FIFA Manager 13 – PC
Publisher: Electronic Arts
Developer: EA Sports
Release Date: Oct 26, 2012
Genre: Sports
Reviewed by David Hillyer

Review Score: 4 of 5

Since 2002 EA has pretty much kept a little secret from US soccer fans. The FIFA Soccer series has always been one of the top selling games for EA. But few people have ever heard about its little brother for stat-heads, FIFA Manager 13. You’ll likely never find it a store shelf, but thanks to easy downloads from Origin, every statistic loving soccer fan can live out their dream of managing their own club.

This is kind of a niche market after all. You’ll never find a statistics soccer game on a Wal-Mart shelf, or any other retailer’s shelf in the USA. But these games have been out for quite a while. There are all kinds of sports simulators to appeal to those who love numbers and order. EA’s only real soccer competition comes from very popular Sports Interactive’s Football Manager 2013 (distributed by Sega). But they are a big competitor.

EA of course has the money to buy licenses. Lots of them. FIFA Manager 13 has even more than FIFA 13. For USA soccer fans that’s a big deal. FIFA 13 only includes Major League Soccer. But FIFA Manager 13 also has the NASL (the resurrected North American Soccer League) and USL Pro (the United Soccer League’s top division). Well sort of. While MLS is a full license with team logos, the NASL and USL Pro are there in name only. The teams are just various city names and generic logos.

FIFA Manager 13 has quite a few improvements over last year. The team analysis feature “Team Matrix” as well as a player hierarchy pyramid allows you to see which players are having issues in the team pecking order. In the team dynamics section you see an overview of team hierarchy, rivalry, personality clashes, personal goals, family relationships and much more.

Your assistant manager helps you to analyze the team, and requesting a psychological profile of a player before signing him might help avoid future problems. The assistant manager is also vital to those of you who don’t want to get too deeply involved in the minutia of player problems and other team issues.

New individual player objectives have a special role, and your team will be successful only with enough team leaders and everyone pulling in the same direction. Balancing player rivalries and spending enough time understanding and setting player expectations, are critical to your team success.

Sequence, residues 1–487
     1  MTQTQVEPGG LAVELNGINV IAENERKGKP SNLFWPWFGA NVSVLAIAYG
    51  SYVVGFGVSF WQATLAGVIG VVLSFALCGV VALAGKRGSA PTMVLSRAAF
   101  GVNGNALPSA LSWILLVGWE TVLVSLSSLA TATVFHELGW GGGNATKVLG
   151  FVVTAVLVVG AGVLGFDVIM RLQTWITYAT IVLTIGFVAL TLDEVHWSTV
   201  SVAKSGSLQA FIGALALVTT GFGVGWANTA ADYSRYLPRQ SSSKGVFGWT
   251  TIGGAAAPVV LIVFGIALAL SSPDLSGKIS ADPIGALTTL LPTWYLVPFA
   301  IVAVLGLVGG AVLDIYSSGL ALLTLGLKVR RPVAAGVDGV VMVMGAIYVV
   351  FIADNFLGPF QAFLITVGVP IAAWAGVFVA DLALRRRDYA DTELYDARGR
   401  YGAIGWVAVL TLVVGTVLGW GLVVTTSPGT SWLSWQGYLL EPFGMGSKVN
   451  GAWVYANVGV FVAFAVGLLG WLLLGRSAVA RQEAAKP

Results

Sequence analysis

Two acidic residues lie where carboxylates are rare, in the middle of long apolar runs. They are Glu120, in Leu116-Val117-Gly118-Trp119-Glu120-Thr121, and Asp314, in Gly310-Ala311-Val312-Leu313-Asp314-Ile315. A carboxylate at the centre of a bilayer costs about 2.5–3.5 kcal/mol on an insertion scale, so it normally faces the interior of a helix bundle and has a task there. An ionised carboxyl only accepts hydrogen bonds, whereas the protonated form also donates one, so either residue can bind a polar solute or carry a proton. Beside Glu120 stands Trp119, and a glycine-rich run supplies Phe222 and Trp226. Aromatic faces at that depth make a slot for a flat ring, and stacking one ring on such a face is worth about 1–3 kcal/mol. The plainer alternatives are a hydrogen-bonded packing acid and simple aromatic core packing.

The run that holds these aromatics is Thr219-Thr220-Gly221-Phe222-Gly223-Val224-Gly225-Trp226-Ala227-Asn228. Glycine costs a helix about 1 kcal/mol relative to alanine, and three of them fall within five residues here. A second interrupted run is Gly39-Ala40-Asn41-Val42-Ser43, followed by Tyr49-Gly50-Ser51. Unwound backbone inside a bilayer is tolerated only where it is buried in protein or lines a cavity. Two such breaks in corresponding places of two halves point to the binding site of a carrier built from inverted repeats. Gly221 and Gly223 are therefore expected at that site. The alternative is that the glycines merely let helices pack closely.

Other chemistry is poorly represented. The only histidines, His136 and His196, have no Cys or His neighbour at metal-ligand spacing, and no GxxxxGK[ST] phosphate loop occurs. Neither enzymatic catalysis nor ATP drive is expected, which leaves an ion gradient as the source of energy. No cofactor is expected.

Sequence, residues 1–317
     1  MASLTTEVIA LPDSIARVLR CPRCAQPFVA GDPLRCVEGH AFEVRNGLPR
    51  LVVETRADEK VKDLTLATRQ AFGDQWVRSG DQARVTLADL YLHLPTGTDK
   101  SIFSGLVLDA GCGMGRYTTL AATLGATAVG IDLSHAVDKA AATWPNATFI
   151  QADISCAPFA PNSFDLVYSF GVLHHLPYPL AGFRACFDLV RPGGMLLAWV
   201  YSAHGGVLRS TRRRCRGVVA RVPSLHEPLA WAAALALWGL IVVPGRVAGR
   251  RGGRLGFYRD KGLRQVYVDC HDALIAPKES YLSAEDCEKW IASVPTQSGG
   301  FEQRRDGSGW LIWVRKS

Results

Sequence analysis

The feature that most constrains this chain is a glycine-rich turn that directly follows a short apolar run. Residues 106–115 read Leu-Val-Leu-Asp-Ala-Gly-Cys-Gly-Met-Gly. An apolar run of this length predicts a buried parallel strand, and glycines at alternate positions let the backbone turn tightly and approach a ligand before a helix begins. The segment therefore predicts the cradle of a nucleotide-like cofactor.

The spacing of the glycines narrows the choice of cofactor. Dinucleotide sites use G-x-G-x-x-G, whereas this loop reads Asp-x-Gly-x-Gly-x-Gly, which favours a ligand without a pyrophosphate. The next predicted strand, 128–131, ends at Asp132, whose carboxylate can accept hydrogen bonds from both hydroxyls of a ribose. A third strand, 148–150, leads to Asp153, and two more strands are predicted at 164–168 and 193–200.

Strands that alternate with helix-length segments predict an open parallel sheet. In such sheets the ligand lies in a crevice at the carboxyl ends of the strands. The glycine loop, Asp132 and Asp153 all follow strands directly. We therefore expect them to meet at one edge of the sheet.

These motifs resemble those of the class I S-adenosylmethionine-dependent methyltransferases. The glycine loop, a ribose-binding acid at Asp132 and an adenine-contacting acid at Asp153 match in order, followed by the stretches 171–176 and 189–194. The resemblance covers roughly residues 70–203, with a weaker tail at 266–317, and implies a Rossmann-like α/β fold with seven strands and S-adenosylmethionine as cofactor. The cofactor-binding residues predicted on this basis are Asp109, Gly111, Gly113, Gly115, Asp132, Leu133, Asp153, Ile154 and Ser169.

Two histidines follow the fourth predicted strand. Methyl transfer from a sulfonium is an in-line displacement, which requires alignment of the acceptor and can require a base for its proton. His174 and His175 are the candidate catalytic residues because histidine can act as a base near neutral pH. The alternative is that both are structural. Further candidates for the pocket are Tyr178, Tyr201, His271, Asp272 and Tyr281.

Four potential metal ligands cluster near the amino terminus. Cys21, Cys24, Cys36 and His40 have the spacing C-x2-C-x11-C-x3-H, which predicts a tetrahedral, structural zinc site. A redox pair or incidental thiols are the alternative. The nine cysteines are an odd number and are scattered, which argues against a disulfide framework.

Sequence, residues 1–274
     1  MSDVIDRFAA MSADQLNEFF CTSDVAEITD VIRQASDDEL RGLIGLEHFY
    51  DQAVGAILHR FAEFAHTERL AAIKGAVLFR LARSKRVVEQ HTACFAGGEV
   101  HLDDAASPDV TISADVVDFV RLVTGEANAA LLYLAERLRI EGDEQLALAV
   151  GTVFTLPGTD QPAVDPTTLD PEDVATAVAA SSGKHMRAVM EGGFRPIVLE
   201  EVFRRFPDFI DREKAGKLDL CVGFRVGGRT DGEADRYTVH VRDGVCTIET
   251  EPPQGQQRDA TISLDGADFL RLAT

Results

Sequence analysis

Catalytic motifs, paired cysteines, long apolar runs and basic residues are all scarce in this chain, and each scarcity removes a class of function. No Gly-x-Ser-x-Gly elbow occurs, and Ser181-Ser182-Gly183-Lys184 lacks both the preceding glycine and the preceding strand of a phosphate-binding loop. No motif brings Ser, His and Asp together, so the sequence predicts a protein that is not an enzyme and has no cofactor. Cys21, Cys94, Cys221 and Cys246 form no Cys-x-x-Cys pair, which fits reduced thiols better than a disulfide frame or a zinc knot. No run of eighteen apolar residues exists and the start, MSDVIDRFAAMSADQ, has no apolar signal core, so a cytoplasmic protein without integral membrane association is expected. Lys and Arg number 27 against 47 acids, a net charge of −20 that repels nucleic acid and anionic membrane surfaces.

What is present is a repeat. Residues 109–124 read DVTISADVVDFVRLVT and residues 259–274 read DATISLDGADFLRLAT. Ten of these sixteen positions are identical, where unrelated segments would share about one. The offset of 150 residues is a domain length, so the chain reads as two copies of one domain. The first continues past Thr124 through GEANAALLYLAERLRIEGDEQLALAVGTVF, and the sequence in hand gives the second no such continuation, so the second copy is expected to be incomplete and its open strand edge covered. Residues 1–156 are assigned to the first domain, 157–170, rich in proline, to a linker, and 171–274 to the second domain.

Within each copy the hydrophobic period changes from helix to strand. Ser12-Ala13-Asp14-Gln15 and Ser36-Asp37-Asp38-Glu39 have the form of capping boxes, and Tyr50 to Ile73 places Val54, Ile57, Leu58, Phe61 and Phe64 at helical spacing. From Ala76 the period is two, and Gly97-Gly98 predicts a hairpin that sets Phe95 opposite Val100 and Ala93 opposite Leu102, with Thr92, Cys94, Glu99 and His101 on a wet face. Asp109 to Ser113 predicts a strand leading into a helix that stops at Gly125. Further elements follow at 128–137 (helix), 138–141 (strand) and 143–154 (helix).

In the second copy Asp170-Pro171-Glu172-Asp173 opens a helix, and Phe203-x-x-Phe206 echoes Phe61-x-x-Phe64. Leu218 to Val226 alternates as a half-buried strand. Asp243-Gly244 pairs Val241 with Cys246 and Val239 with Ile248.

Also every player of the team has his own personal objectives. Some players want to become a first team regular, others want to play for their country, some simply want to improve their skills, whilst others want to be captain or take the penalties etc. The status of these objectives has big influence on the player’s morale and as manager you must try to keep your players happy or you’ll start to lose games and maybe even your job.

You can head problems off at the pass though because now you can talk to a player to change his expectations or help give him new objectives. Also there are specific new talks for many situations, so when you want a player gone for whatever reason, you can convince him to accept a loan deal, go to the reserve team or even sell him to another team.

The positional level has been removed from the game. The general quality of a player is now calculated with a formula that includes the skill levels and the player type. This makes sure only the relevant skills determine the general level of a player. I found the player ratings to be slightly more accurate than ratings than the console version of FIFA 13 for English Premier League teams, but MLS ratings are less so. That’s fairly understandable since FIFA Manager 13 really isn’t marketed to the USA fans.